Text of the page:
Thai tapas in Paris at Le Mary Celeste - updated March 2015
Eating Thai tapas in a city like Paris represents everything I dislike about eating out - a mish-mash of cooking styles, food you can eat anywhere - and yet I loved it. (Apparently the chef has moved on. See my update below from a subsequent visit in March 2015)
My husband, the master planner of the trip but not normally a Thai food fan was insistent we should go back to Le Mary Celeste, a restaurant we'd only managed to have a drink and a couple of oysters in on our last trip.
His meticulous researches (see How to plan a food trip to Paris) had revealed that it was now the scene in the Marais where we’re staying. It would be convenient, he argued, on the first night.
When I saw the menu I thought ‘Ha! He’ll hate it’ - apart from the natural wine list. There was next to no meat and far too many vegetables for a red-blooded Welshman. Of course I was proved wrong.
Apart from the oysters which are the speciality of the place dishes are in fact slightly bigger than tapas - more like raciones - but still designed for sharing as our very sweet waitress explained. (The service is unusually friendly for Paris.) The tables are so small they have to be served one by one.
The first dish - roast cauliflower with some chilli-infused fish sauce, hazelnuts and herbs (coriander) was unlikely but a real winner, the sort of dish you want to work out how to make at home. ‘Thai tacos’ (below) with a larb-style pork patty and pickles and chilli mayo was a dribblingly messy sandwich of a dish I’d happily go back for. Oeufs du diable, a spicy riff on egg mayonnaise was a spicy mouthful of bright fresh ginger, onions and crunchy fried rice. Gorgeous. Only some rather strange slabs of rice cake with a fiery radish dressing didn’t quite come off. My other half chomped his way contentedly through the meal admiring the chef’s boldness with seasoning. Wonders will never cease.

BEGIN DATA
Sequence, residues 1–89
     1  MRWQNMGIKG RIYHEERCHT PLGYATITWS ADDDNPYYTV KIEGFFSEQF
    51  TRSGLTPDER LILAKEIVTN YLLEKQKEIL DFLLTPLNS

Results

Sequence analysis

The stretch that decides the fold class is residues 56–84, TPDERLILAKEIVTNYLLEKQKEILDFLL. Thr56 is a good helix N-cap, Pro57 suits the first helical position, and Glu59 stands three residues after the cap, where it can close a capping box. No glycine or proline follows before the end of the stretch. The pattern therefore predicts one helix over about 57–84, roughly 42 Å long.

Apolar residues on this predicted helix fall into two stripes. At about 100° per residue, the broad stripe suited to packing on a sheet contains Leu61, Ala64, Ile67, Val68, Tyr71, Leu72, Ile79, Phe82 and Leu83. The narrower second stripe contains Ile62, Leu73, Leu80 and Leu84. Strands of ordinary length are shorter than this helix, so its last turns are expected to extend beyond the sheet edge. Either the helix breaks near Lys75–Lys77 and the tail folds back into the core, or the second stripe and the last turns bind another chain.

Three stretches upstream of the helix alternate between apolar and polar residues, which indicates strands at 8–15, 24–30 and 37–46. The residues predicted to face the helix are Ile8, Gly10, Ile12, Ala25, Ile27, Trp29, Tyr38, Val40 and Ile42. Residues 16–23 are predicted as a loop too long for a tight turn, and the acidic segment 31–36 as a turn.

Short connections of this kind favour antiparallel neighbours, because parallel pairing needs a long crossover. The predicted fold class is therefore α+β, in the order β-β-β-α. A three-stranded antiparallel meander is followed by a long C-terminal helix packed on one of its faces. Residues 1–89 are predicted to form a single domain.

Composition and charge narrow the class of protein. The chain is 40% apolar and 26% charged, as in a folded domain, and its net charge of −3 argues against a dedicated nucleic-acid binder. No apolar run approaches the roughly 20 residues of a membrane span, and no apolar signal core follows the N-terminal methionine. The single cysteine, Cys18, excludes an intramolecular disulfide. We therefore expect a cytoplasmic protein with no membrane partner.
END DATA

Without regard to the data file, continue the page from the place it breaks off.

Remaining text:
The wine we drank - a Tête de Gondole, a crisp blend of chenin and sauvignon from Domaine Chahut et Prodiges, frankly struggled to keep up with the onslaught. We’d have probably done better to order a cocktail which was obviously what most of the young clientele were going for. I was particularly tempted by the Koh Garden (Aalborg aquavit, homemade kaffir lime leaf and galangal syrup and lime) though it might have possibly been an overload with all that punchy food. And they cost 12€ (£9.88/$13.63) which would have undoubtedly bumped up the cost of our otherwise very reasonable €59 (£48.57) meal though remember French bills include service.
The menu changes daily so we might even go again during our stay. If we can get in, that is. It gets rammed so you need to book during the limited time they take bookings - or be prepared to queue.
Update from a subsequent visit in March 2015
Returning to the Mary Celeste a year later I’m not quite sure why I dubbed it Thai. Sure there are Asian inflections but not specifically Thai ones.* Only the oysters and oeufs du diable still remain on the menu and are as good as ever - the rest was a bit of a mixed bag.
A chickpea salad with beetroot, feta and mint was fresh and tasty as was a plate of panisse with chimichurri sauce but an ‘assiette de broccolis’ was tough and undercooked with barely a smear of the advertised smoked haddock purée.
The wine list is more extensive than on earlier visits - we drank a delicious pet nat (petillant sparkling wine) called X bulles from Muscadet producer Vincent Caillé which suited the food perfectly.
Mary Celeste is noisy and cramped but it has an incredible buzz. Think of it more as a bar to have a drink and a couple of snacks than a restaurant and you won’t be disappointed. Our bill was a reasonable €76.20 (£54) for two but we could have spent less.
*I've since learnt the chef has moved on.
Le Mary Celeste is at 1 rue Commines, 75003 Paris 09 80 72 98 83. They open at 2pm but don’t start serving food till 7pm and you can’t book after 7.30pm.
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